What came through most strongly from his talk was his love of adventure, his acute awareness of everything around him, the people he met and the friendships he made along the way, the dazzling beauty of the mountains themselves - together with what would seem to most of us pretty extreme discomforts accepted as a matter of course – all told with great humour and humility.
He stressed that however permanent the mountains may seem to be, they are never still, are always subject to erosion and rock-fall, while, with global warming, glaciers are receding at an alarming rate, so that even the best most carefully researched guide books become outdated over time.
Do get a copy of the book. It’s a great read.
Stephen Mills 1.10.14

London Studies Feature Greenwich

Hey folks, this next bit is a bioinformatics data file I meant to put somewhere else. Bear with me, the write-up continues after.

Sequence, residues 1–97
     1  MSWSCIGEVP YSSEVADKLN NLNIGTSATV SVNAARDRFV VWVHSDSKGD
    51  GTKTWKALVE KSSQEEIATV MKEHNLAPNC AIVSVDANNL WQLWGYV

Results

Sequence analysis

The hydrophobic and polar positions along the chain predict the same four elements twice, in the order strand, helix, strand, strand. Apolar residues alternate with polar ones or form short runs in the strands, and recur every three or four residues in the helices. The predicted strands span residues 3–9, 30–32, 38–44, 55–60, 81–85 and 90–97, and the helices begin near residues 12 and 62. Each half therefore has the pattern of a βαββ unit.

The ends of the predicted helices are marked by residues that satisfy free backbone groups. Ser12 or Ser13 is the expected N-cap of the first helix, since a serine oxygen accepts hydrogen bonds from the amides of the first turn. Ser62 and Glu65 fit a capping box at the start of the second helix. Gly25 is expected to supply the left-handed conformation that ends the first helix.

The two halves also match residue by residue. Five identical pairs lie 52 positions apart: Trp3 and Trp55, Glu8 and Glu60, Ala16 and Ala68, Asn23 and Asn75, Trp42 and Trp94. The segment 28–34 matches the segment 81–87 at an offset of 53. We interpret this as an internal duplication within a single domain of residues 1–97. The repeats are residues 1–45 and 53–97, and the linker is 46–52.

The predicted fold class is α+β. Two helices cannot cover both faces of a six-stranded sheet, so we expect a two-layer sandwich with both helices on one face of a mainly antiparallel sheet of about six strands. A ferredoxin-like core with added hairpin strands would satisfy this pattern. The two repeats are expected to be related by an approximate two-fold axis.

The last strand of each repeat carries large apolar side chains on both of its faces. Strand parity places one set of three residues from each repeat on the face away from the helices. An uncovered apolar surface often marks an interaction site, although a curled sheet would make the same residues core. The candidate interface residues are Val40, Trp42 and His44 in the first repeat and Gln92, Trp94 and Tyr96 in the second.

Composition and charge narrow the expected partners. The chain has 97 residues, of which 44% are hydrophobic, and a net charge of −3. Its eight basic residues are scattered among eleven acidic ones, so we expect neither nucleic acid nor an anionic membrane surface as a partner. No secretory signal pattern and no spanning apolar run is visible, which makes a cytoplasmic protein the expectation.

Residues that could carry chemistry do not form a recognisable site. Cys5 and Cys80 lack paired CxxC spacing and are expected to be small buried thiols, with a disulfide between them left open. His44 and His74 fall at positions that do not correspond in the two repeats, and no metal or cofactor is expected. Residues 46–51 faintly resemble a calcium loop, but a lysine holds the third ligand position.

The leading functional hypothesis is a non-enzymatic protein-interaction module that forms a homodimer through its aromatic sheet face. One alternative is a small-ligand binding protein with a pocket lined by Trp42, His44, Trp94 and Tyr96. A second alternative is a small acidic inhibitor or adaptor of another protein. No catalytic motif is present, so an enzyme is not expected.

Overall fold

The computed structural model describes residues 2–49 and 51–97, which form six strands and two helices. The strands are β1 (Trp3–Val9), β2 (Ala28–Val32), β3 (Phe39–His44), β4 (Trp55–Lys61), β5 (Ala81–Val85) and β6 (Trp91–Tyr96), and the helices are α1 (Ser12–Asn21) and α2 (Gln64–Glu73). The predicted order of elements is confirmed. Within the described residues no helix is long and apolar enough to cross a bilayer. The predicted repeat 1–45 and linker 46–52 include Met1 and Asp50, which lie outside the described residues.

Edenbridge U3A 
London Studies Visit to Greenwich
19th September 2014


The best way to arrive at Greenwich is by water. So on a calm, dry Autumn day we took the water bus from London Bridge pier for the 20 minute journey.

After a much needed coffee stop we met our knowledgeable guide who took us on a brief tour of the major parts of historic Greenwich  - the site of Greenwich Palace, the exterior of the Cutty Sark and the National Maritime Museum.

We were next guided through the delights of the former naval hospital for retired sailors, designed and built by Sir Christopher Wren. We started off in the chapel which was beautifully restored in the nineteenth century after a disastrous fire caused by a drunken sailor!

The guide then took us to the Painted Hall which is full of the most beautiful murals and painted ceilings celebrating the reign of William and Mary, an awe inspiring place to end a fascinating morning.

After lunch some of us visited the Queen's House, built by Charles 1 for his wife. This gem of early 17th Century architecture is full of paintings of many of the personalities who visited Greenwich over the centuries. 

It was a visit enjoyed by everyone who went on it with the good weather being an added bonus.

Colin Fairman October 2014